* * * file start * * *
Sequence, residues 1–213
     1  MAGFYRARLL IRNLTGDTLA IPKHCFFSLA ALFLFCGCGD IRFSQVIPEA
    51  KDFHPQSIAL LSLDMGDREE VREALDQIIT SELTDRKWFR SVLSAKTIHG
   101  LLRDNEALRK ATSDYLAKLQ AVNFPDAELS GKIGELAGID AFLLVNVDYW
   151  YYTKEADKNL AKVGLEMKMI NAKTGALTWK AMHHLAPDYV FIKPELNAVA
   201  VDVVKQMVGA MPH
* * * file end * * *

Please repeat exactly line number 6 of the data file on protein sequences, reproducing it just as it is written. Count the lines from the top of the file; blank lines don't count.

   201  VDVVKQMVGA MPH